I continue to be inspired by so many of the athletes currently competing at the Olympics in London. One of the most inspiring to me this week was Joanna Rowsell of the Great Britain who, along with her teammates, won gold for cycling and in world record time.
Her success was preceded by years of self-esteem issues caused by the condition alopecia areata which caused her to lose virtually all of her hair by the age of 11. Hats and wigs ultimately provided little comfort against the emotional symptoms of the distressing incurable disorder.
At age 15, Rowsell was identified by scouts, the catalyst for her discovery that she loved cycling and she was good at it. Rowsell said:
“Cycling was another thing for me to focus on. It suddenly didn’t matter what I looked like, it was about performing on the bike and that’s what I was judged on.”
This is one of the key skills in achieving happiness in life: Refocusing attention.
Focusing on what you don’t want however is much easier for the brain than realising and deciding what you do want. In coaching, if I ask a client what they want for themselves, it is not uncommon for the client to respond by telling me the things they don’t want. This is easy to do. It will be something that you already have in your life that you don’t enjoy and that you want to be different. It is already regularly grabbing your attention each time that it annoys you.
Getting clear and making a decision about what you do what for your life is a much bigger step for the brain to take. Often it is not something that is already in your life, so in many ways you are attempting to manifest something out of nothing. Moving into the unknown turns on all kinds of warning bells in the mind and often you’ve barely even made the decision before the brain will start coming up with a whole list of reasons why it won’t work.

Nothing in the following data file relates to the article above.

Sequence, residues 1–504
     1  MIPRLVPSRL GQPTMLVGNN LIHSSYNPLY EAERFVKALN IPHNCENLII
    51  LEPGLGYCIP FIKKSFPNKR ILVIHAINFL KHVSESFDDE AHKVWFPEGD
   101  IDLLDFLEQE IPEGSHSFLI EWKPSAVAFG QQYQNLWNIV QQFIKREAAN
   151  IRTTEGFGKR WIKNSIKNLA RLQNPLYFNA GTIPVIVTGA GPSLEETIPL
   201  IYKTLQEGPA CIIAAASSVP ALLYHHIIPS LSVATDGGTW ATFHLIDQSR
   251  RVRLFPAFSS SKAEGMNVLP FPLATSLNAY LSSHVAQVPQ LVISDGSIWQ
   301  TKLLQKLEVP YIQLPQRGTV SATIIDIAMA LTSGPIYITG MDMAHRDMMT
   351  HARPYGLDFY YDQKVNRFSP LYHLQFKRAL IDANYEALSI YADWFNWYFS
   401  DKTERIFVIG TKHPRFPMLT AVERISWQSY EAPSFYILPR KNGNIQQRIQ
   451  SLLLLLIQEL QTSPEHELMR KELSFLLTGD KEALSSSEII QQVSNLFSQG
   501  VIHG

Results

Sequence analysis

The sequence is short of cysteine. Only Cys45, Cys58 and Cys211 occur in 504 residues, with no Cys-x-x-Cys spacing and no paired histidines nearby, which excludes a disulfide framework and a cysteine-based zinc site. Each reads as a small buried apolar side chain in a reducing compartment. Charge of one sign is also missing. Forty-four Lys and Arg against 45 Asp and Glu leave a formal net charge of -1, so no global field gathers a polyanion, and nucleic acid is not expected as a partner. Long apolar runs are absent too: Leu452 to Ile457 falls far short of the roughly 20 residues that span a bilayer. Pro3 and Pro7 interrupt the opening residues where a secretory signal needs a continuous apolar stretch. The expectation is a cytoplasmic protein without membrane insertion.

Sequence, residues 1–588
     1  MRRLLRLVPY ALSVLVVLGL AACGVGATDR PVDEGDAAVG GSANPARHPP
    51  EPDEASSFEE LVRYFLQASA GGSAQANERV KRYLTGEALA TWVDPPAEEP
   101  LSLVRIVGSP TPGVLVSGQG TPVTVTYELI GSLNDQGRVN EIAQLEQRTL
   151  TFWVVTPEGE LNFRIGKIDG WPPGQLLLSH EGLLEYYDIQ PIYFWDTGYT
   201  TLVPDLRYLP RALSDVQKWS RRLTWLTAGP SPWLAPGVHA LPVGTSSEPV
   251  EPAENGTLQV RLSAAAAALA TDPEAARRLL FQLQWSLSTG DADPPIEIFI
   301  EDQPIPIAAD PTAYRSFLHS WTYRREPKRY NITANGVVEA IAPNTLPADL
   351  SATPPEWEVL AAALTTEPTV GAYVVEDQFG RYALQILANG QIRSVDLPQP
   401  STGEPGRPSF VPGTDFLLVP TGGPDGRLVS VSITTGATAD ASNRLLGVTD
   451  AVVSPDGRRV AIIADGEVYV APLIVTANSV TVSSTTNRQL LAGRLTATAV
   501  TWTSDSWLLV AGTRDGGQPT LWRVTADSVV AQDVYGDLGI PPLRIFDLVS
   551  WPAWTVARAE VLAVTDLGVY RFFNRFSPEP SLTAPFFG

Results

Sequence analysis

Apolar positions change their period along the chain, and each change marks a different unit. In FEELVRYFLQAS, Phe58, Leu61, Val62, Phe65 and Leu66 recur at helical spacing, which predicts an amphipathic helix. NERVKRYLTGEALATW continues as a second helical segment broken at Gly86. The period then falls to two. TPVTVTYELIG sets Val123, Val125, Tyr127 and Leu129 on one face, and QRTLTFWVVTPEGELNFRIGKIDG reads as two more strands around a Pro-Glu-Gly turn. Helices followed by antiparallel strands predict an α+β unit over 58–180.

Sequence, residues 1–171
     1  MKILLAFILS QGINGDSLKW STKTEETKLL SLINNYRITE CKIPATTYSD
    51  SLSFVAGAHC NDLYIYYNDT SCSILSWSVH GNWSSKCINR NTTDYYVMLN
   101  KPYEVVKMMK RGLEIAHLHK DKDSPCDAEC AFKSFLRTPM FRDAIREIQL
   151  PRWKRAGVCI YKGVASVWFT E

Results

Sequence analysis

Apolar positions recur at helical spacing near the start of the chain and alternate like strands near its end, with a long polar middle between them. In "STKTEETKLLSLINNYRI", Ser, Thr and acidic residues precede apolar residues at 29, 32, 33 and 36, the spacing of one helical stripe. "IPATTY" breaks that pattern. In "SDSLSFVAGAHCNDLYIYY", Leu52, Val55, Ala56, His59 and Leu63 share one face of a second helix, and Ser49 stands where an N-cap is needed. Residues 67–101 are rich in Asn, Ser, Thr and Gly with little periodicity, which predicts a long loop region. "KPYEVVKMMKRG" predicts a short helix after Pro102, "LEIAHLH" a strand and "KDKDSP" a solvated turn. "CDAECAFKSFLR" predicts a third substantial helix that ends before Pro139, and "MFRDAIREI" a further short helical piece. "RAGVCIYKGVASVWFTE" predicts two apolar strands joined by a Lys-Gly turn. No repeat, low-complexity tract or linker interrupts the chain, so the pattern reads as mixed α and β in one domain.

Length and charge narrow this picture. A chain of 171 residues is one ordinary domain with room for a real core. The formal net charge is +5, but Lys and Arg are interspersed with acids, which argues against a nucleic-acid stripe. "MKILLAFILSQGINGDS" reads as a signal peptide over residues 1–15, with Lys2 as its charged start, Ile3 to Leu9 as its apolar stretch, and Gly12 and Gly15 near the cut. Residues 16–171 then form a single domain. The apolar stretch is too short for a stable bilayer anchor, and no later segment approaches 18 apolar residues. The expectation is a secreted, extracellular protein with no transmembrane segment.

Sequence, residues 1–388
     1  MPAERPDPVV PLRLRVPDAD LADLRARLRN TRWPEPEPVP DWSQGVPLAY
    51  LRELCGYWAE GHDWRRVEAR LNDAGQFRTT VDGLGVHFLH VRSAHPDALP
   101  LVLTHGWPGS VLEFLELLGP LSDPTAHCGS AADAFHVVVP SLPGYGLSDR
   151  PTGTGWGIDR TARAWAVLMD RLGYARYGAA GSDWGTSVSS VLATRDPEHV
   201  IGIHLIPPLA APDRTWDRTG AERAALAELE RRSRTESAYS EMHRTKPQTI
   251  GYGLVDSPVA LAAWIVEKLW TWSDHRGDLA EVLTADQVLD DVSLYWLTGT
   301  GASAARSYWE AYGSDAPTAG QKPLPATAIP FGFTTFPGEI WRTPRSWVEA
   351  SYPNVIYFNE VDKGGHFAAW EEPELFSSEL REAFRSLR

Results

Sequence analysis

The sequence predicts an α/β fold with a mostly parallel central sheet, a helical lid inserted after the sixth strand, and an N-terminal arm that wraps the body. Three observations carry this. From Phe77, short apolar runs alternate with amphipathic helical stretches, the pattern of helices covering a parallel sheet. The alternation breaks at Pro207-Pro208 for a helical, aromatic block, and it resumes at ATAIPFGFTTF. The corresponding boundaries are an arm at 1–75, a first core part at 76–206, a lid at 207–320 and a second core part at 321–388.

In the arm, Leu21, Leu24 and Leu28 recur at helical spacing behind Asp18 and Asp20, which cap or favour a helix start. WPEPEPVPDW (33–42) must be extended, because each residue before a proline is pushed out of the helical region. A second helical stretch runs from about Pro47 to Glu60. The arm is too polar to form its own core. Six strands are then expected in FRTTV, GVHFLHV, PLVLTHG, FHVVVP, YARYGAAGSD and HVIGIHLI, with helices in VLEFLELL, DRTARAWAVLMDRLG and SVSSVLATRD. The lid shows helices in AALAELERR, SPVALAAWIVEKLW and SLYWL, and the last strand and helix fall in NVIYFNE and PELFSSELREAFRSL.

But as Joanna Rowsell has shown us, persistence and courage pays off.
Important side note here: Redirecting attention is different to ‘shutting down’ attention through distraction. Some people have things in their life that they don’t want and rather than redirect their attention to go after what they do want and working through the inevitable challenges as they arise, they bury themselves in one of their many possible distractions, e.g. work, TV, sport, the day-to-day busyness of life, complaining, personal dramas.
Redirecting attention on to a goal that will move your forward in your life and tap into your inner happiness is a simple idea, but not easy. That is why so few people do it. The irony is that its not easy because so few people do it. Given redirecting attention is a skill that can be learned, the more often you do it, the easier it gets.
Redirecting attention well also requires a good level of self-awareness to ensure you can tell the difference between redirecting attention and seeking distraction and admiting when you are doing it.
I’ve worked with people who bury themselves in their work and are convinced that it needs to happen in order to support their family and/or pay bills. Of course earning money needs to happen. Self-awareness allows you to get real and notice when you are burying yourself in your work in order not to face challenges at home. Self-awareness lets you get real about the underlying reasons for anything that you do.
Simple and not easy. Not easy because it can often be a grey area. Thinking about Joanna Rowsell again, she did an excellent job of redirecting her focus and putting her energy into an inspiring goal that moved her life forward (and even got her a gold medal). I also imagine in the process that there were days when getting on her bike and doing what she loved served the sole purpose of distracting her from something horrible and ignorant that someone had said that day about how she looked. At least Rowsell’s distraction on those days was likely still moving her closer to her dream. Distractions like TV, eating and complaining are not likely to do that.
Simple and not easy. We’re talking about the game of life here. What I know is that everyone is doing the best they know how to do. We all make mistakes and emotional pains can hurt just as much (if not more) than physical ones.
So keep going. Self-awareness comes from learning. Learning comes from making mistakes and a willingness to be vulnerable. Vulnerability is the highest form of courage.
Many thanks to Joanna for her inspiring courage.